With her five year old nose pressed against the window, she waited. Occasionally she played with dolls, and sometimes she ate snacks her mom prepared. But mostly, she watched at the window. Mostly she waited.
She had dressed as a princess for Halloween. Her mom had taken pictures and sent them to her dad, a deployed marine, a million miles away. At Thanksgiving, she had spoken with her dad for ten whole minutes, right after everyone had finished the Thanksgiving meal. She spoke and laughed and listened. It was the first time she had spoken with him in six months, and when you’re five years old that’s a tenth of your whole life.
At the children’s sermon this past Sunday, the preacher had talked about the season of Advent, and about preparation, about Jesus’ first coming and second coming. And she had remembered all that he had said about the need to be ready, to be prepared for his coming.
And with each passing December day, she thought more and more about what the preacher said about preparing for Jesus’ return, how he had likened it to getting ready for an honored guest in your home, or waiting for a relative to return from a long trip.
And so she began to think that one way of getting ready for Jesus, would be getting ready for her dad. She put away her toys every day. She put dirty clothes in the hamper and helped mom with supper dishes. She listened intently to her mom’s nighttime Bible stories.
And every day she prayed. She prayed for children in other lands, and other girls and boys who missed their dads and moms. She prayed that her dad would come home soon. She prayed that Jesus would wait until her dad came back before he returned, so they could all meet him together.
She had hoped that her dad would make it home by Christmas, but it was now Christmas Eve, and after much coaxing from her mom she reluctantly left her waiting spot by the window and made her way upstairs.
And though she tried to stay awake, she slowly drifted off to sleep with the gentle sound of rain landing on her bedroom window. It always made her sleepy when the rains fell upon the tin roof.
But somewhere in the night she was awakened, not by the sound of reindeer and a jolly old elf, but by a loving embrace and a warm kiss, and the moisture of a joyful tear. And immediately she knew that she was in the arms of her Father who could not contain his joy at holding her in his arms. And she, likewise, let out a shriek of sheer delight and joy as she threw her arms around his neck and shouted through her tears, “I’ve been waiting for you”. And through her Father’s tears she heard him softly say, “I’ve been waiting for you”.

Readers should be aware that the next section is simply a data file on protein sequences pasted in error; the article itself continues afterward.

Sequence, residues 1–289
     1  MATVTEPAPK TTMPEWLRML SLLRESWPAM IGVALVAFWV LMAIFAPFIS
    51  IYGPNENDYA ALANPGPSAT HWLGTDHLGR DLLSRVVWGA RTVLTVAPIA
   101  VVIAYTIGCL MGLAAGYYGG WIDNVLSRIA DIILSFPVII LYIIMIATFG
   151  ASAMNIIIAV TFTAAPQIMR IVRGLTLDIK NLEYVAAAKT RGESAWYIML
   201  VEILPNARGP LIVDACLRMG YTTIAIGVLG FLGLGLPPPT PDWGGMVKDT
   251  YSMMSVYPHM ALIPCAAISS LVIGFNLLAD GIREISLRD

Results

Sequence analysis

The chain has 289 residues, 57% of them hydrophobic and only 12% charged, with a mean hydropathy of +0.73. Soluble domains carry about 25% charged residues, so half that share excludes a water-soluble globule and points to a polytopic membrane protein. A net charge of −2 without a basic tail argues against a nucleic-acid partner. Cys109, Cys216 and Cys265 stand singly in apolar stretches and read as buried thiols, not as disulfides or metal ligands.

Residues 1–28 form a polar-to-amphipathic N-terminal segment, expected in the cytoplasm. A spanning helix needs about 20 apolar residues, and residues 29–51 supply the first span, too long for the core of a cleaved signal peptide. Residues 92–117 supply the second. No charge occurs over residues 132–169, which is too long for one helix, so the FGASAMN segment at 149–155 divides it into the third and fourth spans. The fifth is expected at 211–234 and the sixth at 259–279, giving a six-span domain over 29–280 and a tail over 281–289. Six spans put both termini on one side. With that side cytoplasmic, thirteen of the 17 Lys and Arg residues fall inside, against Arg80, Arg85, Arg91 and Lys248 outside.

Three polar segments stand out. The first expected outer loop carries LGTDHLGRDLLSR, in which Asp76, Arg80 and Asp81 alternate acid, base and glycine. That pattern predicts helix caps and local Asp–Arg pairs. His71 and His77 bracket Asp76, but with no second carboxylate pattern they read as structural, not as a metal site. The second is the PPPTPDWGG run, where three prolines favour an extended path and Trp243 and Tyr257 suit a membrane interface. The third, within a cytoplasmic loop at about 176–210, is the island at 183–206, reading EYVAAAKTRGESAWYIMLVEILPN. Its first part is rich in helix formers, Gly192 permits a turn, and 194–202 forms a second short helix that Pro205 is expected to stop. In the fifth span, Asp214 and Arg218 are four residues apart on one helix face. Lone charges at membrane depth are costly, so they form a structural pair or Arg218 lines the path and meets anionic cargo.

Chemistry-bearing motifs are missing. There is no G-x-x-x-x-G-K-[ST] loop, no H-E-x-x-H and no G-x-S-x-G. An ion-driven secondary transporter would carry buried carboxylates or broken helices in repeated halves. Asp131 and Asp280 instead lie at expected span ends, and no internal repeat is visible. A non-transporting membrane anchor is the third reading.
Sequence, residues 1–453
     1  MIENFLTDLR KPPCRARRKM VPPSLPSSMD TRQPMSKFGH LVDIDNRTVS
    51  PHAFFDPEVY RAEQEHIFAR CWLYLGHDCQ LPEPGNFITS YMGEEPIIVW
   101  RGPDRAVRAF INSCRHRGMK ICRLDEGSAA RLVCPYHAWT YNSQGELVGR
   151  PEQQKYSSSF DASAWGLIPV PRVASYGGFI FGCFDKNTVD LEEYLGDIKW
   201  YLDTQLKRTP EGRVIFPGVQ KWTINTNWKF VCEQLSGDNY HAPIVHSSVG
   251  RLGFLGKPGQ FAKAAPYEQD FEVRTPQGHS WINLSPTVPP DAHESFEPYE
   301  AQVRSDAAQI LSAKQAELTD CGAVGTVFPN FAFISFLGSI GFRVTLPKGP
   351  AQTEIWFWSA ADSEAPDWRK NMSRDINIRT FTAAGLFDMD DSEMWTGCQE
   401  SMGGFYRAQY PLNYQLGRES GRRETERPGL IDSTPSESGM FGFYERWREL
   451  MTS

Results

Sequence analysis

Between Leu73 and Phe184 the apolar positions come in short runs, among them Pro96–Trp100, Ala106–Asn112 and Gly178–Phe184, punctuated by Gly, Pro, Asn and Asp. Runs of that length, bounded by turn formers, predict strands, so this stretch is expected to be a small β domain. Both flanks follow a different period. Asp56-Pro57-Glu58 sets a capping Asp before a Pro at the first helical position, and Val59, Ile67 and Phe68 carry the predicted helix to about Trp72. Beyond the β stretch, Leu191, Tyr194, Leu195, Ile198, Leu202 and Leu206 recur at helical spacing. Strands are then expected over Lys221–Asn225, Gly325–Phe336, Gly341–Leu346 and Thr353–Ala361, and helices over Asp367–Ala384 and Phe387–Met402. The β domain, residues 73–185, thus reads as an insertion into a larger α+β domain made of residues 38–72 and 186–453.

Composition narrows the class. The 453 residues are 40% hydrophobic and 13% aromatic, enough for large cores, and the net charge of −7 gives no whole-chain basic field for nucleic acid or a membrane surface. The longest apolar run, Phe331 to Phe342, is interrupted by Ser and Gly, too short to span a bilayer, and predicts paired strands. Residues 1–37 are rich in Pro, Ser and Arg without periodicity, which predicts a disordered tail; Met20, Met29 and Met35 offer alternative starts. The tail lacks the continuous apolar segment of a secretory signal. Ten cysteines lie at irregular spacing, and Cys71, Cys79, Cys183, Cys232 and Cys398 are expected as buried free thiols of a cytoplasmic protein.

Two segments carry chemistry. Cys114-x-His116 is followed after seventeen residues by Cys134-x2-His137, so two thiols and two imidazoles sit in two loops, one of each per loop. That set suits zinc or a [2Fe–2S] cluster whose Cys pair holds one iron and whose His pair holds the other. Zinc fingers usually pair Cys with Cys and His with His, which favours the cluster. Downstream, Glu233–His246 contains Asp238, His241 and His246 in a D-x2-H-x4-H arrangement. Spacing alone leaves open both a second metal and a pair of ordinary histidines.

The evening nurse gently pulled the cover over Miss Bessie’s face, and walked the curtain around the bed before closing the door on room 73 at the Winter Care facility. And as she filled out the necessary release forms in preparation for the arrival of the local funeral director, she paused.
Miss Bessie had been an Alzheimer’s patient at Winter Care for seven years. And in all the time she had seen her at Winter Care, Nurse Thompson had never heard her speak or move, until tonight. Never before had she seen a facial expression, until she came into the room in the moments after she took her last breath. But the smile on her face could not be denied, and her frail arms crossed over her chest appeared frozen in an eternal embrace. And the shriek she heard, the only sound she had ever heard from Bessie, sounded more like that of an excited child on Christmas morning than the dying gasp of a ninety five year old woman.
She completed the release form just as the funeral director arrived to take Bessie’s body. It would be another hour before she finally left work for home. As she walked out into the night, standing on the front porch at Winter Care, she pulled her collar up high on her neck. It was windy and cold. And as she drove away, she knew that this was one Christmas Eve she would not soon forget.
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